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Red State Review

Other Critics provided by

Critics scores range from 0 to 100, with higher scores indicating more favorable reviews.

  • 3.0

    out of 100

    Mixed or average reviews
    based on a weighted average of all
    critic review scores.

  • 40

    out of 100

    Variety Justin Chang

    This sloppily constructed horror-thriller lacks the satirical bite and action chops to skewer extreme-right-wing zealots with the gusto Smith clearly feels they deserve, instead evincing the verbal incontinence and slack tension that have long dogged the writer-director's work.

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  • 50

    out of 100

    The New York Times A.O. Scott

    For all its boisterous profanity and splattery violence, the film is more of a weary sigh than a sputtering volley of indignation.

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  • 60

    out of 100

    The Hollywood Reporter Todd McCarthy

    Red State is cleverly contrarian enough to get a rise out of almost any audience.

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For Families provided by Common Sense Media

not for kids

Startlingly violent, intense Kevin Smith shocker.

What Parents Need to Know

Parents need to know that this extremely violent thriller is full of potentially controversial/offensive social commentary about extreme right-wing religious radicals, gay bashing, the effect of the Patriot Act, and Internet porn. Though the movie's dark mood isn't typical for writer/director Kevin Smith (who usually makes edgy comedies), the content is everything you'd expect from the man behind Clerks, Dogma, and Chasing Amy: extremely strong, constant language and sexual innuendo. This time Smith ups the ante by adding brutal violence, including torture, imprisonment, murder, blood, gore, and many, many dead bodies. There's also teen drinking and a scene of an adult drinking to drunkenness.

  • Families can talk about the movie's extreme violence. What is its purpose? Is it necessary to the story? When does media violence cross the line? And who determines where that line falls?
  • Are there any examples of a healthy relationship in the movie? Are any of the characters role models? 
  • How does this movie compare to Kevin Smith's other films? Does he have a consistent agenda? How would you define it?

The good stuff
  • message true0

    Messages: The movie asks viewers to consider extreme hatred and intolerance performed in the name of righteousness -- as well as intolerance practiced by so-called "good guys." The movie offers no solutions or suggestions for these problems, but it does assume empathy and understanding on the part of its audience.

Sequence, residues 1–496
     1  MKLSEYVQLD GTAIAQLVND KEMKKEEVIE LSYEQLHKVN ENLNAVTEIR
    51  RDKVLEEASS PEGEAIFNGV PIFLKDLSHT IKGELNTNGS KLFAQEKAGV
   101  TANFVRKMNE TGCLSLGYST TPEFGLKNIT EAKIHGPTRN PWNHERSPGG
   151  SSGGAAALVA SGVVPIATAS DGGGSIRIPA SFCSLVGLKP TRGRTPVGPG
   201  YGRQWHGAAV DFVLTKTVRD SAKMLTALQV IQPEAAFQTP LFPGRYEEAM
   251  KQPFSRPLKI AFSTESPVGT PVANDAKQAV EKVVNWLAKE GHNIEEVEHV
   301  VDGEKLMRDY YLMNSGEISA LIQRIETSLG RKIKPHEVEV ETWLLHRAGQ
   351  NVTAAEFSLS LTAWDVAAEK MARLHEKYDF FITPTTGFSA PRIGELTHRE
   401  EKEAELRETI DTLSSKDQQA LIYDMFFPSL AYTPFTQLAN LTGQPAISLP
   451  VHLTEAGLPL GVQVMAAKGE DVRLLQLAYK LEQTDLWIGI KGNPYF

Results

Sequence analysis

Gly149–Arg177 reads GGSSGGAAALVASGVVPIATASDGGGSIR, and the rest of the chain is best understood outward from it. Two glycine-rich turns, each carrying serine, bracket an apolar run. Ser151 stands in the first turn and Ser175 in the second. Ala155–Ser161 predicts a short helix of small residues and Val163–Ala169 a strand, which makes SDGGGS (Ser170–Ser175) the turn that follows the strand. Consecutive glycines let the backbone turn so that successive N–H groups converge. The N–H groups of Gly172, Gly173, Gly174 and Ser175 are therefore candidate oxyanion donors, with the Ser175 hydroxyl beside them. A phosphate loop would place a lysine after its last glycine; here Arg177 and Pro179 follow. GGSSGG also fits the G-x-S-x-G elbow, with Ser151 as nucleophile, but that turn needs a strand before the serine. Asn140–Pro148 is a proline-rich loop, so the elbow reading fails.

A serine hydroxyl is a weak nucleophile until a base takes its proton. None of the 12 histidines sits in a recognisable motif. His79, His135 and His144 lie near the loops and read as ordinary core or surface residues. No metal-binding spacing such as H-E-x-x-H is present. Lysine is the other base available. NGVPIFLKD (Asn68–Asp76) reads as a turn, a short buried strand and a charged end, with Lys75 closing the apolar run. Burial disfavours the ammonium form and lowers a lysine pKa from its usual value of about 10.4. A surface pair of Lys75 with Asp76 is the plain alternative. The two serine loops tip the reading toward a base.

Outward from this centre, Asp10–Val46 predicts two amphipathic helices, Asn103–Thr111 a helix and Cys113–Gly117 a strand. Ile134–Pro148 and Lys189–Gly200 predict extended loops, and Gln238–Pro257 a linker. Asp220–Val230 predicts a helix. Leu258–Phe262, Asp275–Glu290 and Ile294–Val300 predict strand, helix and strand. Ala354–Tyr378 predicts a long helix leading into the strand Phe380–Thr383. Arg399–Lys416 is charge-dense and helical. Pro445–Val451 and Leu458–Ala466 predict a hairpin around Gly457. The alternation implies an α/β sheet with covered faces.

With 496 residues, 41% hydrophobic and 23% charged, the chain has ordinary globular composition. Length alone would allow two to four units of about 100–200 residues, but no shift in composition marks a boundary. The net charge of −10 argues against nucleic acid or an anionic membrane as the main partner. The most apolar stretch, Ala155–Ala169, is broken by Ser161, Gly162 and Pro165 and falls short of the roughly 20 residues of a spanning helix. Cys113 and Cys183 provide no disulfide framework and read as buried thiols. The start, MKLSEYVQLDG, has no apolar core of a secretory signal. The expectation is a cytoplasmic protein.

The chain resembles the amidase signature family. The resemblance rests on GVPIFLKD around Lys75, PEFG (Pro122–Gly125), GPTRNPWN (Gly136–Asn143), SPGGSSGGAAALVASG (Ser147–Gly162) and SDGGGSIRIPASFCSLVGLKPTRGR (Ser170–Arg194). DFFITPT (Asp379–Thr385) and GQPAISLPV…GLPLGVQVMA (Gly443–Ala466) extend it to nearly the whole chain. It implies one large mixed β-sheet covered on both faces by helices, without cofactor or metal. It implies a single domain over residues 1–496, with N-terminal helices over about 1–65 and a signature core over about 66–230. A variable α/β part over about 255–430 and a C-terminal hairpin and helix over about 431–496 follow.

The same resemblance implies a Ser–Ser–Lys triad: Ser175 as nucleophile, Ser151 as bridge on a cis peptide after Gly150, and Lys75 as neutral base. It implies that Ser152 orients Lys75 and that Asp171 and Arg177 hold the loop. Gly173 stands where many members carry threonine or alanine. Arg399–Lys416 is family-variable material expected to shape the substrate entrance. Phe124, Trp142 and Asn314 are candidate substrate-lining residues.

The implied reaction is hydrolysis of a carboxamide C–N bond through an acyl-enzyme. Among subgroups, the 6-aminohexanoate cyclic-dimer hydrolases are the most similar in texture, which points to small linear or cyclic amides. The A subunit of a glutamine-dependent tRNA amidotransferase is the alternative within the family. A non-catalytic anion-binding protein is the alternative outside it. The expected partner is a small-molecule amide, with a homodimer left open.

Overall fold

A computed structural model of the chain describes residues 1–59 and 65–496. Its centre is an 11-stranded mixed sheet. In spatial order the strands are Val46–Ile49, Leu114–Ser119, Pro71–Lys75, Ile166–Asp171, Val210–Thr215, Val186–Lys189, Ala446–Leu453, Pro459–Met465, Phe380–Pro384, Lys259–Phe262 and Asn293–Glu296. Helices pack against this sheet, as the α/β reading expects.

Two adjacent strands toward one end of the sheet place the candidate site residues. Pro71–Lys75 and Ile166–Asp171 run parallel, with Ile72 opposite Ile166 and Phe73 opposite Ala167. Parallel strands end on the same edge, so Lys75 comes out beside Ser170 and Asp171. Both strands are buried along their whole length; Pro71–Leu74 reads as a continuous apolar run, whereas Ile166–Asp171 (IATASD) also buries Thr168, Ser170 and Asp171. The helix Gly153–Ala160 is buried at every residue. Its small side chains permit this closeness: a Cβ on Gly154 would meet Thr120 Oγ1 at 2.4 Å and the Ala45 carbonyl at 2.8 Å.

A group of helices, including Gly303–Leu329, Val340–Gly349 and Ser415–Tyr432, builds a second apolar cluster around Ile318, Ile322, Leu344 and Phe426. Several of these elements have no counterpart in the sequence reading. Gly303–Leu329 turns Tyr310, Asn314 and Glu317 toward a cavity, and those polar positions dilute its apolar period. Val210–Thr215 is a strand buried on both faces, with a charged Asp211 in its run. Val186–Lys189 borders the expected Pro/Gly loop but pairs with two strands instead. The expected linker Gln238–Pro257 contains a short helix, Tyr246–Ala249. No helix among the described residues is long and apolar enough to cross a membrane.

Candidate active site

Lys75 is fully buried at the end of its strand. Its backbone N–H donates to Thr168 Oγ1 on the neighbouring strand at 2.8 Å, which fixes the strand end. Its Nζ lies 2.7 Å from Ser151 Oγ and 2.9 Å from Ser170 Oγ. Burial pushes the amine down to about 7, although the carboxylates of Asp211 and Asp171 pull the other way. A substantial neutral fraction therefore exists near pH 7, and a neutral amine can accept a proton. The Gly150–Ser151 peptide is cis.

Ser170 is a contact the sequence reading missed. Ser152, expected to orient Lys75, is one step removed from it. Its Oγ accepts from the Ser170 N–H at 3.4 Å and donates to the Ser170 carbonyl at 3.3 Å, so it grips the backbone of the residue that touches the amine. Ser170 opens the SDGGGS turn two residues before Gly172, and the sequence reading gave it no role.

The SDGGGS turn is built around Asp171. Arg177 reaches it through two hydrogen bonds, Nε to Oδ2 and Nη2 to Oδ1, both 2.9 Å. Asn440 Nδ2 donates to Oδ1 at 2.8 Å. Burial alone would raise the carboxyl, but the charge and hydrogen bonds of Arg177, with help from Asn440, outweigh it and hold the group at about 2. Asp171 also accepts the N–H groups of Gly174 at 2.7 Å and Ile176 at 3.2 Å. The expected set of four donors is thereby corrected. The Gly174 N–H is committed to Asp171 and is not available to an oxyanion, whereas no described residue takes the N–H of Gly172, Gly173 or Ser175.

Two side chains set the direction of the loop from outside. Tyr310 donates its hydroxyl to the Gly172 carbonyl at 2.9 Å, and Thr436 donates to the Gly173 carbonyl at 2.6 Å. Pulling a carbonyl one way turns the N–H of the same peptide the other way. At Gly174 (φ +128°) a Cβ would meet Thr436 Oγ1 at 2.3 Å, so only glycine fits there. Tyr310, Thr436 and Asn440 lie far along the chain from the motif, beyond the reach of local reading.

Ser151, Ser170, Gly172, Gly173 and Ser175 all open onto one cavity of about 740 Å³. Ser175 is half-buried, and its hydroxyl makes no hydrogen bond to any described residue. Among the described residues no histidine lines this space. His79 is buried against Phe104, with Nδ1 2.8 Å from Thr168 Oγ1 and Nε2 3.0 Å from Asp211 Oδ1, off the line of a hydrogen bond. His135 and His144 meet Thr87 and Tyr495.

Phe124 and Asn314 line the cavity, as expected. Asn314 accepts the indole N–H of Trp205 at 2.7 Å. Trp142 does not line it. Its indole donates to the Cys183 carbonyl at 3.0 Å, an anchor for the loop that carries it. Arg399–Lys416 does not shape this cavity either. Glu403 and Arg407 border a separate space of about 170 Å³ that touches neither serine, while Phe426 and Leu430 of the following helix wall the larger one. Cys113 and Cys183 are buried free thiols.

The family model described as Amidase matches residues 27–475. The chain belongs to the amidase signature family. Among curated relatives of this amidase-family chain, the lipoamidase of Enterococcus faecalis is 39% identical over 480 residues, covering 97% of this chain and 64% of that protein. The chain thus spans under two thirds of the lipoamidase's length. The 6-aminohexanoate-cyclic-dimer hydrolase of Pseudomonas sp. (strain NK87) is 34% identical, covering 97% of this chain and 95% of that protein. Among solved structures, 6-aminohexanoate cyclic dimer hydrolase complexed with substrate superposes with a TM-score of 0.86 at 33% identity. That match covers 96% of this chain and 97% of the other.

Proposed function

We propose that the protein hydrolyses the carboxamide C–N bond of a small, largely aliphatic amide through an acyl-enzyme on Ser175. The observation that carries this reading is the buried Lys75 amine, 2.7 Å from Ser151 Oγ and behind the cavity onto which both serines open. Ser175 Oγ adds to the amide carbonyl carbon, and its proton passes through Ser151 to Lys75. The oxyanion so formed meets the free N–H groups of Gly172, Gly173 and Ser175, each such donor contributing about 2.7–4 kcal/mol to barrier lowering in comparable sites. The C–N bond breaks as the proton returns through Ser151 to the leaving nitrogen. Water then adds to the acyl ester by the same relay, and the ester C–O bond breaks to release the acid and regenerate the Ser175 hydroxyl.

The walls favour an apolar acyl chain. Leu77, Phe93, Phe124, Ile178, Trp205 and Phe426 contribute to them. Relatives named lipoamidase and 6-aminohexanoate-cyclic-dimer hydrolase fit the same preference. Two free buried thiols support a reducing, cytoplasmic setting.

• rolemodels true0

    Role models: Most of the characters are deeply flawed and not people you'd want teens emulating in any way. Only one character, a cop, shows empathy and humanity during a tense and impossible situation.

What to watch for
  • violence false5

    Violence: Zealots capture, imprison, torture, and murder people whom they think are gay. Viewers see screaming victims, blood, and dead bodies. There are broken bones and exploding heads. The movie's climax is a brutal shootout in which several people are viciously shot and killed, many point blank. Children inside a church are shown to be in danger. A general attitude of hate and anger permeates the movie.

  • sex false5

    Sex: Little nudity, but very strong sexual situations: Three teen boys look at a sex "hook-up" site -- which is shown quickly and briefly on a smartphone -- and respond to an ad. They meet up with a middle-aged woman who has agreed to have a "foursome" with them (though the actual act doesn't happen). There's the suggestion of a man giving another man oral sex. Lots of strong sexual language and a crude drawing of female genitalia.

  • language false5

    Language: Strong, constant language (a hallmark of Kevin Smith movies), including countless uses of "f--k," "s--t," "p---y," "t-ts," "vagina," "d--k," "ass," "a--hole," "Jesus Christ" (as an exclamation), "hell," "bitch," "anal," "sodomize," etc. Also derogatory slurs like "wetback" and "f----t."

  • consumerism false0

    Consumerism: Coca-Cola is mentioned twice, but both times in a highly unappetizing way. (It's unlikely that Coke paid for or approved of anything here.)

  • drugsalcoholtobacco false3

    Drinking, drugs and smoking: Teens drink something alcoholic -- unseen, in a paper bag -- while driving. Later they drink beer. A local sheriff pours and drinks several whiskeys, getting drunk in the process.